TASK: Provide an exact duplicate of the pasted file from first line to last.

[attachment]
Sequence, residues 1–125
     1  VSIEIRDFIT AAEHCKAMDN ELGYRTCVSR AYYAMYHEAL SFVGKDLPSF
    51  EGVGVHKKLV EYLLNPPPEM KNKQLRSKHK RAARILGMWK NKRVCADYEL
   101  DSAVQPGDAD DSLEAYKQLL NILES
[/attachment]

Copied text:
Sequence, residues 1–125
     1  VSIEIRDFIT AAEHCKAMDN ELGYRTCVSR AYYAMYHEAL SFVGKDLPSF
    51  EGVGVHKKLV EYLLNPPPEM KNKQLRSKHK RAARILGMWK NKRVCADYEL
   101  DSAVQPGDAD DSLEAYKQLL NILES